Nissan, a gentle, 21-year-old Israeli philosophy student, leaves his tough homeland and his mother’s stifling love, and goes to Paris. There, he spends the winter with his gay friend Ogen, a former Israeli who washes dishes in a restaurant for a living. But Nissan cannot love him, so he rents an attic from 90-year-old Madame Titi, who lives below him in the old house. Although her husband has been dead for twenty years, she complains that he gets into her bed every night, clings to her body and won’t let her sleep. Nissan, alone in the attic, also struggles with desire. He is repulsed by physical contact, and although women want him, they find that he can’t give them anything. Fiona, a poor migrant from Eastern Europe who sews at night on an old machine, waits for him in vain, while Sophie, who has come to Paris from the countryside, resolutely invades his attic. But Nissan turns his back on her and later flees to wander like a ghost through the streets of Paris.
Lilach Nethanel has written a novel
that is poetic, impressionistic and daring. Paris at the start of this century
is depicted as a beautiful literary city, but also one that is tired and poisonous, attracting
exiles who hope in vain to be reborn, while Nissan is a reincarnation of the
alienated youths found in Hebrew novels of the early 20th century.
His return to Europe – the old homeland – is an attempt to turn back the
wheel of history.
TRANSLATION AVAILABLE (for publishers only).
The Old Homeland is one of those
tender, alarming, beautiful novels that take on what the collective finds
difficult to take on: the creation of a composition, a disciplined order, an
Apollonian beauty, making understandable something that is chaotic, unclear and
profoundly disturbing, that Israeli identity is struggling with right now.
The Bernstein Prize Committee, July 2015
The book is riveting,
unique, very original. It’s great to be a writer when there are writers like
this around you.
Author Haim Be'er, Globes
Like a lash from a gust of wind blowing from somewhere else, a place that exists only in the imagination … One should read this book by Nethanel … like a letter that has arrived late, from a distant past … The letter, like the city it describes, is adorned and lovely and cursed … A book that comes out and marches with the 19th century romantic poètes maudits – Baudelaire, Varlaine and Rimbaud.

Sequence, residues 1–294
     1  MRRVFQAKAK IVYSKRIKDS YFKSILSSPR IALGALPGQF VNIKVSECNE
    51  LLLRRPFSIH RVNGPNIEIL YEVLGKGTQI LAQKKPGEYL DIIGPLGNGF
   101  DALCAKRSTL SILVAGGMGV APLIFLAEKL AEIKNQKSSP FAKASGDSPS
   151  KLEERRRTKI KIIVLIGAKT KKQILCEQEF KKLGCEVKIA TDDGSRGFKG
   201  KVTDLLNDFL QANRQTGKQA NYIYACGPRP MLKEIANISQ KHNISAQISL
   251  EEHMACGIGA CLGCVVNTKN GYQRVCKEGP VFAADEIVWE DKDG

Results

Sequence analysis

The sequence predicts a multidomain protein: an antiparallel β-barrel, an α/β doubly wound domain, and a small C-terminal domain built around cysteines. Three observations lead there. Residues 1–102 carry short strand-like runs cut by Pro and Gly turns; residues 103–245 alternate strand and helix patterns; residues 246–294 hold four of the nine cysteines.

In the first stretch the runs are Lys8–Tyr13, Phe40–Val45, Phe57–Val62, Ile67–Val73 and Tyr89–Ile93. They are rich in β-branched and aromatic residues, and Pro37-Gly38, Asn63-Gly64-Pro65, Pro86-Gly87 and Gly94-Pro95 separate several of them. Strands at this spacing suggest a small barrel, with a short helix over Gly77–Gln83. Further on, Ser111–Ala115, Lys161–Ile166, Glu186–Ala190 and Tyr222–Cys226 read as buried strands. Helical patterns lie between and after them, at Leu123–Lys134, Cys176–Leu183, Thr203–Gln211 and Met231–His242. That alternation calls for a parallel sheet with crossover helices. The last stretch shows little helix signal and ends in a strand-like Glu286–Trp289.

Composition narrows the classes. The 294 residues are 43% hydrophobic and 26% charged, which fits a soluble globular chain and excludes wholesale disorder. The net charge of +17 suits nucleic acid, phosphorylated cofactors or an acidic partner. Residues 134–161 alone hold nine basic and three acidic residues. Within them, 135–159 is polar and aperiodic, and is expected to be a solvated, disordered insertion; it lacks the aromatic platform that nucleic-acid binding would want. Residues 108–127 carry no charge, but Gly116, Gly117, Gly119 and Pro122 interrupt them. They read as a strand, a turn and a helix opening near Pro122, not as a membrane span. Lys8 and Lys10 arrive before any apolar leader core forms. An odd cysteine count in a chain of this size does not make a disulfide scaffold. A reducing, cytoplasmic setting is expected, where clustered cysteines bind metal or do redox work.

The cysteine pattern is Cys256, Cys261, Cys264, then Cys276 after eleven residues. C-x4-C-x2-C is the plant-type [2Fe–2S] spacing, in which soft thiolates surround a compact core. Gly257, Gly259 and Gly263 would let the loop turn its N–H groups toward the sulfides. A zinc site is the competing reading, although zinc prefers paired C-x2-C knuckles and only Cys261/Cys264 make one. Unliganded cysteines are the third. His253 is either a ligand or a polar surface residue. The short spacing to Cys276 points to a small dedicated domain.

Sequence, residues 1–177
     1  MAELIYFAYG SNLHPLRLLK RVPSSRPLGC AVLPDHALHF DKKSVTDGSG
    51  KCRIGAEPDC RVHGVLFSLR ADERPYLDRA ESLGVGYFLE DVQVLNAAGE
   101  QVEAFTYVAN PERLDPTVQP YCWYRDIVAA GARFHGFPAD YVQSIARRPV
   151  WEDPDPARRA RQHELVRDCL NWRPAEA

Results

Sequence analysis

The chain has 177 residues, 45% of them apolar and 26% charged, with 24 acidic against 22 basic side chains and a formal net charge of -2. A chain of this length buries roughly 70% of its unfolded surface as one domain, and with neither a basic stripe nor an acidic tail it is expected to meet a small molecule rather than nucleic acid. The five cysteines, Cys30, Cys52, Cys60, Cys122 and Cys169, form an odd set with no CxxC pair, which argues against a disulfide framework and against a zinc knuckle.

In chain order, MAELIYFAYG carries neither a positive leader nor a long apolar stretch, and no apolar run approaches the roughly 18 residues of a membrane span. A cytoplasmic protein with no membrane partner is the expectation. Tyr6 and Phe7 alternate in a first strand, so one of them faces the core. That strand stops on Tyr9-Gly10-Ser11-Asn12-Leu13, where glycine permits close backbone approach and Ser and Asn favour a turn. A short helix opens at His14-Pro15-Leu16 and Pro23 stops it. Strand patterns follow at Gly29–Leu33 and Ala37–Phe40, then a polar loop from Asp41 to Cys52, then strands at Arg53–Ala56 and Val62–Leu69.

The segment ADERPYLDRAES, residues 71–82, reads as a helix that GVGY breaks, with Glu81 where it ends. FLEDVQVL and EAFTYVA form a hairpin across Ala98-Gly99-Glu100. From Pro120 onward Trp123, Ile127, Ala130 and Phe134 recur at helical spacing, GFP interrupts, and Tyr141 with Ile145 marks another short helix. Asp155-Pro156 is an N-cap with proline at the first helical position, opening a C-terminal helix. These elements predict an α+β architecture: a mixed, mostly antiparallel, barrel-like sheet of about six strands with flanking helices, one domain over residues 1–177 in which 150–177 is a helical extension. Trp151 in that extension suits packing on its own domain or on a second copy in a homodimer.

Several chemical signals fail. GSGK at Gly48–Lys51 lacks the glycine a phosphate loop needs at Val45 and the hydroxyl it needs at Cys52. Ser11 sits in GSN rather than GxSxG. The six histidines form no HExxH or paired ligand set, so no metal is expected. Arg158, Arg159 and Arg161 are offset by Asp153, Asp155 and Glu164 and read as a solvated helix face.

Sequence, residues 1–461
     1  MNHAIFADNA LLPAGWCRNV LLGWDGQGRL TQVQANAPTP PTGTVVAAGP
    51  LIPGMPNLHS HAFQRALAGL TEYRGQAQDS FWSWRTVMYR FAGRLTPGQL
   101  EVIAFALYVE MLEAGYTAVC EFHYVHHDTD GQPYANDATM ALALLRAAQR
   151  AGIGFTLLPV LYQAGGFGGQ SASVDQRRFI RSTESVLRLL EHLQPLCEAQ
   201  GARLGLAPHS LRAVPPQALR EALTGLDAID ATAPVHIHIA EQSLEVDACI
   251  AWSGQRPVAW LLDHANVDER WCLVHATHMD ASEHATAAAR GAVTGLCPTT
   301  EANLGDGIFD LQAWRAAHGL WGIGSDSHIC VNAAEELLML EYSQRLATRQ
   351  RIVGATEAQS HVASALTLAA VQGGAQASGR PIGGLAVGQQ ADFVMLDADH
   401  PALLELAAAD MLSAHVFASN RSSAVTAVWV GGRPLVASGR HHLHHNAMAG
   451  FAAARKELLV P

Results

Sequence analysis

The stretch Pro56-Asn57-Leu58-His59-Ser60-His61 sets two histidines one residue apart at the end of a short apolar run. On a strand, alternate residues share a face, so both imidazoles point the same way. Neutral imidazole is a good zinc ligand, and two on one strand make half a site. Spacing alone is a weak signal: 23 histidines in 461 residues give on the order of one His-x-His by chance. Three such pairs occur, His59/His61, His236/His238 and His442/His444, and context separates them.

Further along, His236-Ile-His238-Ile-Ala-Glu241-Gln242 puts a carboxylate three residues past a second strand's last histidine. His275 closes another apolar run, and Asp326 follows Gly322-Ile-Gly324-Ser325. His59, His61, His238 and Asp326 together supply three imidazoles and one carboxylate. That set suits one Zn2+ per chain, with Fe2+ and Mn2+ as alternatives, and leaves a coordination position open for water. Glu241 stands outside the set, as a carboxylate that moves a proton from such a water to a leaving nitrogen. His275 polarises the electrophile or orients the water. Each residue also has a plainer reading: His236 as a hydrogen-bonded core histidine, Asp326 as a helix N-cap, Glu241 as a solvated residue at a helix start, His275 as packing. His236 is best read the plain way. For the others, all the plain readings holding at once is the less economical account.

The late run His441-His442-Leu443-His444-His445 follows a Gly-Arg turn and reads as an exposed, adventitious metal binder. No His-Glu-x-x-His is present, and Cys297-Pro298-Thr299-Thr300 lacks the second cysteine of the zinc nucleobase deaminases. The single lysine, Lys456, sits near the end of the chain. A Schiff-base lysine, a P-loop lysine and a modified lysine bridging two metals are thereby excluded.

Lilach Nethanel’s literary talent is unequivocal … Despite the inspiration she draws from the princes of Hebrew prose of the early 20th century, Nethanel is much easier to digest than they are. There is neatness, stability and polish in her writing ... She creates landscapes reminiscent of Chagall’s paintings – everything hovers in the air, above reality ... There’s no doubt that Nethanel knows how to deploy tempting and beautiful idioms.
Lilach Nethanel has written a unique book in a unique style, very personal and rich … Engrossing, well written and warmly recommended. Nethanel handles the sexuality of her characters delicately and very artistically. She also paints a wonderful portrait of her lonely, alienated heroes' inability to integrate into the life of this foreign city, where they roam around like ghosts.
This is a book that has the courage to say its piece, and to say it in its own way … It is rare that a true work of literature written in this country constructs a position and bears relevance. This is that kind of rare occasion.
I wholeheartedly recommend The Old Homeland.
There are few books that can glitter like gems in such a pleasurable way. I’ll
go as far as to say that if Virginia Wolf had been writing today and in Hebrew,
this is exactly how she would be writing.